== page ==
Have these stages personalized and emailed to you: Sign up now Co-sleeping safety This article looks at ways to ensure that you co-sleep as safely as possible if you bed share with your baby. Read more about safety tips and guidelines here.
The Department of Health's recommendation is that the safest place for your baby to sleep in the first six months is in a cot in your room.
Sleeping in the same bed as your baby is called co-sleeping or bed sharing.
Some parents co-sleep with their baby for part of the night or during the day so that they can get more rest. They might breastfeed their baby while they doze or sleep, for instance, or co-sleep because they find it easier to settle their baby this way. Sometimes parents fall asleep accidently or without meaning to.
This can be risky, particularly if this happens on a sofa or armchair see section below. Sudden Infant Death Syndrome or SIDS is the term used to describe the sudden and unexpected death of a baby that remains unexplained after thorough investigation.
Sleep helps to boost their immune system, too. The AAP says babies up to 1 year of age should sleep in the same room as their parents. Here are the steps to follow:
The NICE guidance doesn't distinguish between co-sleeping on sofas or chairs and bed-sharing although there is evidence that it is more dangerous to fall asleep with a baby on a sofa or chair.
The guidance also confirmed that the link between SIDS and co-sleeping is greater if either parent smokes, and may be greater if parents or carers have been drinking alcohol or taking drugs that affect their awareness. Premature babies and babies with a low birthweight less than 2.
Modern western civilization is the ONLY place in the world and in history where bed-sharing is not the norm. The plan was to have Jack sleep in our room in his bassinette until he was 6 months old.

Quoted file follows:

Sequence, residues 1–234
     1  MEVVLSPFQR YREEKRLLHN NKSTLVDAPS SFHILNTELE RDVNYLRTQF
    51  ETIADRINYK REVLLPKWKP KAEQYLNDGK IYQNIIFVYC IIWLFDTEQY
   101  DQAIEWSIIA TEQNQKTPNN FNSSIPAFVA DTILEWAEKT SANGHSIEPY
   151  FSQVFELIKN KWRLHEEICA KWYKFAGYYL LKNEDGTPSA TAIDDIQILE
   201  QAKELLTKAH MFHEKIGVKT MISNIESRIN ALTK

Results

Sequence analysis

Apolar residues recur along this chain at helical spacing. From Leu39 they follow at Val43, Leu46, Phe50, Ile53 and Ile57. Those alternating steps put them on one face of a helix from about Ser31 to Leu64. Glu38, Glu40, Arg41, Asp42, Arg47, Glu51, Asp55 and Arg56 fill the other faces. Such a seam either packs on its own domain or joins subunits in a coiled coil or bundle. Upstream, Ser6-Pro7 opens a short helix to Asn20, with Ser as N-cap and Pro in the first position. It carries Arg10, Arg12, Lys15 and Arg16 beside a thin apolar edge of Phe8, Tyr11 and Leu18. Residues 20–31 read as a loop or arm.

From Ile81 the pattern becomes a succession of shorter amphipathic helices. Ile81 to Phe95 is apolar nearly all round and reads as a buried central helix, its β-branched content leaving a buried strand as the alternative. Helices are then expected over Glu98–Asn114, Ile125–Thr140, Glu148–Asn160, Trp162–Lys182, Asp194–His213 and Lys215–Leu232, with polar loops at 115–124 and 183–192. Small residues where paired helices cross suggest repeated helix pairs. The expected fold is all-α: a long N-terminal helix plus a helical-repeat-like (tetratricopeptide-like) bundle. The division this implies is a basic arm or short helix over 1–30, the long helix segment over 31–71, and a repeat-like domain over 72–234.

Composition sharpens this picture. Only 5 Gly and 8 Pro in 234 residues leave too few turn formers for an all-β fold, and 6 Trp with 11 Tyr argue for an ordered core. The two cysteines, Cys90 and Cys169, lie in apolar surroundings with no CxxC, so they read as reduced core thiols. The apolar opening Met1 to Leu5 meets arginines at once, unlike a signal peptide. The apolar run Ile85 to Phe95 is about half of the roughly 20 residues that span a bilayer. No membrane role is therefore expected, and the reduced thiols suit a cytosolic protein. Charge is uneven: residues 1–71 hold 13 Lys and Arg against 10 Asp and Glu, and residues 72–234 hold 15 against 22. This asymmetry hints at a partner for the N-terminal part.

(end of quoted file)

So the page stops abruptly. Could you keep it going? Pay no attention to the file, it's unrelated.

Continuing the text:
Co-sleeping safety If you co-sleep with your baby, here is some guidance about sleep safety: Keep your baby cool by using sheets and blankets rather than a duvet. You shouldn't co-sleep with your baby if you either you or your partner has drunk alcohol or taken drugs including medications that may make you drowsy. Always put your baby to sleep on their back rather than their front or side.
They should also be kept away from parents' pillows. Never risk falling asleep with your baby on a sofa or armchair.
What works for you When it comes to sleep — different options will work for each family. What is most important is that you are familiar with the guidelines around safety and take appropriate steps to make sure you and your baby sleep in the safest way possible.
Further information NCT's helpline offers practical and emotional support in all areas of pregnancy, birth and early parenthood: You might find attending one of NCT's Early Days groups helpful as they give you the opportunity to explore different approaches to important parenting issues with a qualified group leader and other new parents in your area.
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